Hauser and Wirth Gallery, which is one of the major gallery around the world, presents Subodh Gupta’s recent works through the exhibition called  ‘Seven Billion Light Years’ which is same with the title of one of his film work which can be found in this show.

I had seen his show few times in my hometown, South Korea, but this exhibition presents a variety of medium that he used. There are films, installations and sculptures with his distinctive material which is found and common object but the most fascinating works to me were his paintings. 



There are four different utensil paintings with the actual object. The real utensil attached to one side of canvas and the painting is drawn just like photographs of it. Just as most people do, I did not know that Gupta has paintings works. Even though I don’t believe that he painted himself, the contents are enough to enjoy and appreciate his own intention.


Thursday, February 26, 2015

Time Flies by Esko Mannikko at the Yancey Richardson Gallery

I have a confession. There may be more similarities between Oscar the Grouch and I than our impeccable taste in housing; we both get grumpy when we’re hungry. This was no different on the given day, when I thought to myself, “why bother look at photographs in person in a gallery if I can see them on their sites online?” Obviously, I was completely aware of this shallow comment. But it was immediately shot down when I saw Time Flies by Esko Mannikko at the Yancey Richardson Gallery.


This self-taught, Finnish photographer presents a selection of photographs that vary exponentially during his travels in Finland. From abandoned cars to family photographs, Minnikko’s photographs imply the passage of time, as well as the inevitable collapse of all materials: animate or inanimate.



            But perhaps the most intriguing component of this exhibition isn’t the photographs themselves, but the decisive presentation. The carefully selected frames for each photograph create a quirkiness that compliments the photographs. In addition to this, the tight singular alignment of the photographs creates an irony that is a tribute to the relationship between photography and painting. It creates a delightful visual experience, where the individuality of each work as a whole compliments one another with their character, wit, and unpredictability. It’s refreshing enough to persuade one to think that hunger was worth the while after all.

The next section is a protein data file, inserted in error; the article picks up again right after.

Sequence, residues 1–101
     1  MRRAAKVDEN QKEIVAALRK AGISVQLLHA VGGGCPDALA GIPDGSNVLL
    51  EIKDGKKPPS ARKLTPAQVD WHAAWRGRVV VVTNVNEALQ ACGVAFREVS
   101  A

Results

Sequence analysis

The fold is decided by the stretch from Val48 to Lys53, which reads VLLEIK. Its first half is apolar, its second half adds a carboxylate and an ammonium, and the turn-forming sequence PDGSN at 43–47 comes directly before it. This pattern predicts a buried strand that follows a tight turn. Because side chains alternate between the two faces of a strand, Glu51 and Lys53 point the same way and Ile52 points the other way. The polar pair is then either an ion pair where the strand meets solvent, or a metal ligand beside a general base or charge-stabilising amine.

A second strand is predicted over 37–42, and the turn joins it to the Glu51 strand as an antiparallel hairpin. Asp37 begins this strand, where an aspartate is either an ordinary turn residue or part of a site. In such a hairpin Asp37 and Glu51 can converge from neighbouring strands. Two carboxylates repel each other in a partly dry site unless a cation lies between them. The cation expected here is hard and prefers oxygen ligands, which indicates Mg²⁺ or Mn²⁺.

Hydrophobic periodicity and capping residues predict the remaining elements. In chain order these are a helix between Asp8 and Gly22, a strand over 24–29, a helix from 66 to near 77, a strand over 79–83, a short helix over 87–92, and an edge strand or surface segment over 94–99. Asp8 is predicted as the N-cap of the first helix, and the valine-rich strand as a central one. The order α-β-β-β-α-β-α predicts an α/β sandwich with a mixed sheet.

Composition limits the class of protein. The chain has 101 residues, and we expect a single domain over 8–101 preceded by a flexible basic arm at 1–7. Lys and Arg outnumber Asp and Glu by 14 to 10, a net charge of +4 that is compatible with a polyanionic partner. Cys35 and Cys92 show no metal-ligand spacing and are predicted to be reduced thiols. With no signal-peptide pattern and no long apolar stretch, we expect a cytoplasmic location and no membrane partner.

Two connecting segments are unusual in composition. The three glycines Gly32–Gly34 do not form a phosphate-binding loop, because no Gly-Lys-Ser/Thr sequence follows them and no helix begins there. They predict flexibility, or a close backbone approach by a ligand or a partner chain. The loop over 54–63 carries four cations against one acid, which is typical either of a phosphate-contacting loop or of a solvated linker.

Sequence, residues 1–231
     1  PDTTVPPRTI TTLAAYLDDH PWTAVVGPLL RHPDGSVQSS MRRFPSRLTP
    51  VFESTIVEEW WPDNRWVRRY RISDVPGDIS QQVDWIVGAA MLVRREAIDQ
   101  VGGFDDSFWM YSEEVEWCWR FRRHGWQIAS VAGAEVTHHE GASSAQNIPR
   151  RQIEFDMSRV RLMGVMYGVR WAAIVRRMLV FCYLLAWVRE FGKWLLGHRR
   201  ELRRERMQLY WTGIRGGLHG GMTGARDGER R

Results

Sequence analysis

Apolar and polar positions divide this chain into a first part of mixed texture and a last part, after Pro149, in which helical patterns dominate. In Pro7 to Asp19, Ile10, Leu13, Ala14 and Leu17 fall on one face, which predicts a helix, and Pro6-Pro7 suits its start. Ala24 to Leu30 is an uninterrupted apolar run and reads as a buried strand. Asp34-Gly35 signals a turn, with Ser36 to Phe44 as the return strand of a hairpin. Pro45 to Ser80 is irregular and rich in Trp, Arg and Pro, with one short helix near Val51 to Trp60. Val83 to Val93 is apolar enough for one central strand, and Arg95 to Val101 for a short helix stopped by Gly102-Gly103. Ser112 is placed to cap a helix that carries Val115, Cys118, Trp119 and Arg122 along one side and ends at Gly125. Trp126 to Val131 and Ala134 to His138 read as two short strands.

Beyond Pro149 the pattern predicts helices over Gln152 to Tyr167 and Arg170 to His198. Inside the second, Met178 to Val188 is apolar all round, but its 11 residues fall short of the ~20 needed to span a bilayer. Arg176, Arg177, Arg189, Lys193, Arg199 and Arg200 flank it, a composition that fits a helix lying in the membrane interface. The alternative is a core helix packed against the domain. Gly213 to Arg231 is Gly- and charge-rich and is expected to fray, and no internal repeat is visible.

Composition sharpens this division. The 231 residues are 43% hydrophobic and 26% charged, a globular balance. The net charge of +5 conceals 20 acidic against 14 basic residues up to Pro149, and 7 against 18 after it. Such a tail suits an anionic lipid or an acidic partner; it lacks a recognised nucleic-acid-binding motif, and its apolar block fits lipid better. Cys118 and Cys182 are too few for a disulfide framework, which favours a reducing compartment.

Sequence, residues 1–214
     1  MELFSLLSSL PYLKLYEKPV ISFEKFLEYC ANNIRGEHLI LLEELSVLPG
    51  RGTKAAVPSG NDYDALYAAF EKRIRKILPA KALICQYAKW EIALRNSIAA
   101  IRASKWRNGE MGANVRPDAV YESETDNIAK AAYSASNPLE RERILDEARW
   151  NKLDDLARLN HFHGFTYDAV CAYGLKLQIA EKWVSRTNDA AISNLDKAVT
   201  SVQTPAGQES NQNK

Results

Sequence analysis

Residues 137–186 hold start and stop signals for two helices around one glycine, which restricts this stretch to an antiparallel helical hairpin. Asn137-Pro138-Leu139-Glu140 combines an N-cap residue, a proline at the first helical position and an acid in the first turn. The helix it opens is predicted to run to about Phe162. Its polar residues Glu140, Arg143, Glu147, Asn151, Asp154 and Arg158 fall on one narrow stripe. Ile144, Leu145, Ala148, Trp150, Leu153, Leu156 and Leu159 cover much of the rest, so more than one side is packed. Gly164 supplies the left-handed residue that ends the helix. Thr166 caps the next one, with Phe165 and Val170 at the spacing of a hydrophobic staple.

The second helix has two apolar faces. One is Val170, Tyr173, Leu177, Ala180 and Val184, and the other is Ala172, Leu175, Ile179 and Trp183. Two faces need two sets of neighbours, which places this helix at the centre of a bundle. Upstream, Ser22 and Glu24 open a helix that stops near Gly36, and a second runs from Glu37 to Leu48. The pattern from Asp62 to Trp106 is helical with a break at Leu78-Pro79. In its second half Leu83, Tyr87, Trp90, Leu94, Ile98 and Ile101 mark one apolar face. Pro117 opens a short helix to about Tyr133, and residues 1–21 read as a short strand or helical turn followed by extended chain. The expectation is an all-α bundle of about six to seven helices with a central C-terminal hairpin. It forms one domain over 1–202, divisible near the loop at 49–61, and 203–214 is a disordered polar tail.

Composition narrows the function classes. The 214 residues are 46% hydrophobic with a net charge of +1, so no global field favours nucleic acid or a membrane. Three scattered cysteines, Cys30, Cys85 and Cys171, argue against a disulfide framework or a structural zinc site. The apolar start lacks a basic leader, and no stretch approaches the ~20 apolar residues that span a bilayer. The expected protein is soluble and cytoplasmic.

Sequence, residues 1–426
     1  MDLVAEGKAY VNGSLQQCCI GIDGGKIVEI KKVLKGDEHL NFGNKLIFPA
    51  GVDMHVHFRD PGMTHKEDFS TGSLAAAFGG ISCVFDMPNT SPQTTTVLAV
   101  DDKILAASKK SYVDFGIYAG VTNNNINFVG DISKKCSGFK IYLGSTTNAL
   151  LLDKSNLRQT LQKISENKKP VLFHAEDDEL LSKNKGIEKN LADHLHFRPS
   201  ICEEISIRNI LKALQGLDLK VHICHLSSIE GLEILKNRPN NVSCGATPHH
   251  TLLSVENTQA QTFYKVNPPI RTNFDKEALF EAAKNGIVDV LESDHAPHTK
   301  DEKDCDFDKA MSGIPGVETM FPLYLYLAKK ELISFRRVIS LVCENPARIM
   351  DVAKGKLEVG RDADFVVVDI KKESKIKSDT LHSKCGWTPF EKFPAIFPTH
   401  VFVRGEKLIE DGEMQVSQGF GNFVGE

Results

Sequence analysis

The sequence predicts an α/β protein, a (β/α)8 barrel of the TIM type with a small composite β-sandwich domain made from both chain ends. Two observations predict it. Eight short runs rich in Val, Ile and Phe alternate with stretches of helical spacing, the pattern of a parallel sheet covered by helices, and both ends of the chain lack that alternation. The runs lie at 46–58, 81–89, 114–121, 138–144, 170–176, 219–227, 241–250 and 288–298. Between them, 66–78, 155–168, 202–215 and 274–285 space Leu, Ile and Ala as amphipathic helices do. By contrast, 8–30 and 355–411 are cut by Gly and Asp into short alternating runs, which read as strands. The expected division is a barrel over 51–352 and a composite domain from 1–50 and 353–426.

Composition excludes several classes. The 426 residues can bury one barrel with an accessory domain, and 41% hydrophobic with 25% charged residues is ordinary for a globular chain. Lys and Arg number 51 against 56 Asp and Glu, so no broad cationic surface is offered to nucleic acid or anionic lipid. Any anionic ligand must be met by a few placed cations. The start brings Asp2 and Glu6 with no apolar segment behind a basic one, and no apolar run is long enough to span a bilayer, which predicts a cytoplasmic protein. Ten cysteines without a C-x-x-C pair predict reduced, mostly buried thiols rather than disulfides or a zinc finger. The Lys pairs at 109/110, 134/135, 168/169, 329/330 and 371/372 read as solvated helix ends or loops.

Jeff Chien-Hsing Liao's New York: Assembled Realities

Jeff Chien-Hsing Liao’s New York: Assembled Realities at The Museum of the City of New York features forty large-scale panoramic images of the urban landscape of New York City. The work displays the city’s allure but, aside from displaying technological innovations in photography, Liao’s argument for his work appears lacking.

Duffy Square, Times Square, Manhattan, 2011. 
JEFF CHIEN-HSING LIAO/MUSEUM OF THE CITY OF NEW YORK
By digitally stitching together over 200 images of an iconic location, Liao aims to capture the movement and vitality of New York City. The final product results in hyper-real images that are impossible to capture from one angle. One marvels at his crisp images that display Liao’s obvious technical prowess. The photographs’ content, however, could illustrate more complex issues than pedestrians and buildings. It is uncertain if the work could be considered significant if shown outside the context of a space devoted to New York City.


Feast of San Gennaro, Little Italy, 2011.